Drying nectarines is super easy. The key is to cut along the crease and twist the fruit away from the pit. Slice, arrange on a tray, and dehydrate for 8 to 12 hours.

Store in an airtight container. Nibble on them in the dead of winter. Smile.

I don’t know about you, but in the Northeast things have been getting pretty toasty lately. We’ve been lessening the blow by eating as many local strawberries as possible and lounging excessively.

The picture of the precious little frozen fruit bits above was taken last year. In a couple weeks it will be reappearing in our freezer. It was a delightful little healthy snack for the kids last year. Nothing beats a frozen treat on a hot summer day. And this one has no added sugar or anything other than fruity goodness. It looks like I used green apples, blueberries, raspberries, nectarine, and sweet plum.

The only problem with this snack is that it requires a little planning in advance as the fruit needs at least four hours, preferably over night, to harden. Spread them out on a tray in a single layer and place the tray in your freezer. After the fruit  freezes completely, store it in an airtight container.

Also, I wouldn’t feed this to a kid under three years old. The young ones should probably stick with larger frozen items like chocolate-covered banana pops, orangsicles, or frozen fruit on a stick.

Eton Mess (a traditional English dessert consisting of strawberries, whipped cream, and crushed meringues) is my kids’ new favorite reason for livin’/snack. This afternoon they were happily introduced to meringues. Then we smashed them into bits! It was great.

I even put them to work making their own snack. Here they are whipping some cream and smashing meringues.

They are very focused.

But the pay-off for all their hard work is deemed worth it.

A sure sign that a snack is a winner is when my children, who are usually nice enough to humor me, refuse to stop eating so I can take a couple photos.

Eton Mess On A Stick Recipe

This recipe actually works best with huge industrial-strength California strawberries. The beefy berries hold their own on skewers better than I imagine delicate local berries would. They also have more square footage for the whipped cream and meringue to cling to. For the meringues I took the easy route and used Trader Joe’s Vanilla Meringues, but feel free to make your own, especially if you have a ton of egg whites and sugar waiting to be used.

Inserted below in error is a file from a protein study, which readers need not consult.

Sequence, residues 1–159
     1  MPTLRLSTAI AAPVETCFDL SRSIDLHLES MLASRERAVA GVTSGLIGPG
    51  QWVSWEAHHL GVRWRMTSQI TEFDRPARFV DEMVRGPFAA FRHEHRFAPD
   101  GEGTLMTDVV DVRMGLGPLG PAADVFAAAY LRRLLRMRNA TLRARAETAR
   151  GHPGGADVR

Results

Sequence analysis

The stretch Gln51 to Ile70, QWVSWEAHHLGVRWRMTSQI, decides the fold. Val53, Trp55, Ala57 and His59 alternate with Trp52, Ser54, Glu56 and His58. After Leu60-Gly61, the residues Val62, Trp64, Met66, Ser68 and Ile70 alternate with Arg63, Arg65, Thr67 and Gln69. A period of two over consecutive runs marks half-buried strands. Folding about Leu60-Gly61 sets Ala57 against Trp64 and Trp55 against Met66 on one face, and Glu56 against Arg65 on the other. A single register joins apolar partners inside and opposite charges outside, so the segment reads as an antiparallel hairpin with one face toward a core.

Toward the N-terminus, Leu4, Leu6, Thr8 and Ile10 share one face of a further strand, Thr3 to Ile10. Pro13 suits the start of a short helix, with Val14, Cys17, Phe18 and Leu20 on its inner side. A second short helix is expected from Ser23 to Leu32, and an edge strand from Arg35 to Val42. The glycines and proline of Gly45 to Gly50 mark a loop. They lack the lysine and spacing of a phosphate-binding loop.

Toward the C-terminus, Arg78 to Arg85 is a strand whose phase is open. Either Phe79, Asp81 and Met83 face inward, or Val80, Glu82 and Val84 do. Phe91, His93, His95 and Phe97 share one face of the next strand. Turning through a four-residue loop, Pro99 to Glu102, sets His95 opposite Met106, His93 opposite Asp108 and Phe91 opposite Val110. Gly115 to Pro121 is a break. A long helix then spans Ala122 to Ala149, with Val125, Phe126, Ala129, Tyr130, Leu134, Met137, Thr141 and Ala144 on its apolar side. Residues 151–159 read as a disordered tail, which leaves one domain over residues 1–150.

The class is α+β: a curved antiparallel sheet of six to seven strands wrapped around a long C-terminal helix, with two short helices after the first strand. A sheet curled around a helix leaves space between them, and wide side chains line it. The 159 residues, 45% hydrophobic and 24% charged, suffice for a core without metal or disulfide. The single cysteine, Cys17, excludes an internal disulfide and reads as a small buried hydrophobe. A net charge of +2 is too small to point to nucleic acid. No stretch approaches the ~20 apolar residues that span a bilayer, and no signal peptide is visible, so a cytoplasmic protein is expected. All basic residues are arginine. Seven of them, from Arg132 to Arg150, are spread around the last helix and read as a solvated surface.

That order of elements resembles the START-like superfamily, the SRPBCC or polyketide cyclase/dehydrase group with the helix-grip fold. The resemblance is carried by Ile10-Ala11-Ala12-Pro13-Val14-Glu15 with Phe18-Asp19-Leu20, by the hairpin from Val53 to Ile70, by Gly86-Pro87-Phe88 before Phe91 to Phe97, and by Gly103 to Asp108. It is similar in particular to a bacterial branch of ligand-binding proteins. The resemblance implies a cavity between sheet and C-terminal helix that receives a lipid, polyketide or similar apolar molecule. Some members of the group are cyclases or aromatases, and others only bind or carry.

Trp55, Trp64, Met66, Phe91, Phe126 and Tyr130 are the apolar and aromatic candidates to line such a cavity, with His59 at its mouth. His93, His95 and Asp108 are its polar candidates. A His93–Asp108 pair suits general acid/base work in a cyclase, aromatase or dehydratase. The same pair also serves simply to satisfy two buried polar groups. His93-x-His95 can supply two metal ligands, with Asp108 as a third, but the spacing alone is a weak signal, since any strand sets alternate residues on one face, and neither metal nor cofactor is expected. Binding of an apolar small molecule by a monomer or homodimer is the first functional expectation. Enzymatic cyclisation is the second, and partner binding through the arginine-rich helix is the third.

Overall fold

1 pound strawberries, washed, hulled, and halved lengthwise
1/2 cup heavy cream
1/2 teaspoon pure vanilla extract
3 medium meringue cookies

Pour the cream and vanilla into a small bowl. Whip the cream mixture until peaks form. Set aside.

Place the meringues in a sandwich bag or under a towel and gently smash the cookies into tiny bits with the flat side of a meat tenderizer.

Stab the berries with a small bamboo skewer. (Cut off the pointy tips if your little ones can’t be trusted not to poke themselves in the eye.) Dip the berries into the crushed meringues, the whipped cream, and then maybe the crushed meringues one more time. Consume immediately.

Yield: 3 servings
Prep time: 10 minutes

Print Print

These beautiful little fudge pops are the world’s most perfect way to consume chocolate on a hot summer day. The girls and I love love love them. They are like eating a popscile and a big bowl of chocolate pudding all rolled into one.

Fudge Pop Recipe

This recipe is heavily inspired by (read pretty much lifted from) Matt Aramendariz’s On A Stick!

1/3 cup sugar
1 tablespoon cornstarch
1 1/2 tablespoon unsweetened cocoa powder
2 tablespoons chopped semi-sweet chocolate
1 1/4 cup whole milk
1/2 teaspoon vanilla extract
1/2 tablespoon unsalted butter

1. In a small saucepan over medium heat, stir the sugar, cornstarch, cocoa powder, chocolate, and 1/4 cup of the milk until the chocolate is melted.

2. Add the rest of the milk and continue to stir until the mixture thickens (about 5-10 minutes).

3. Remove the saucepan from heat and allow the mixture to cool for a minute or two. Add the vanilla and butter and stir well.

4. Pour the mixture into popsicle molds (use as directed) or small (5-ounce) wax-coated cups. If you’re using cups, fill 3/4 of the way and cover the top with plastic wrap. Puncture the plastic wrap with a popsicle stick and insert the stick into the chocolate mixture all the way down to the bottom of the cup. Place on a level surface in your freezer for four hours or overnight.

5. To serve, simply tear and peel the cup off of the pop. If you’re using popsicle molds, run them under warm water for a bit in order to loosen the mold.

Yield: 4 – 5 pops
Prep-time: 15 minutes (and another 4 hours in the freezer)

Print Print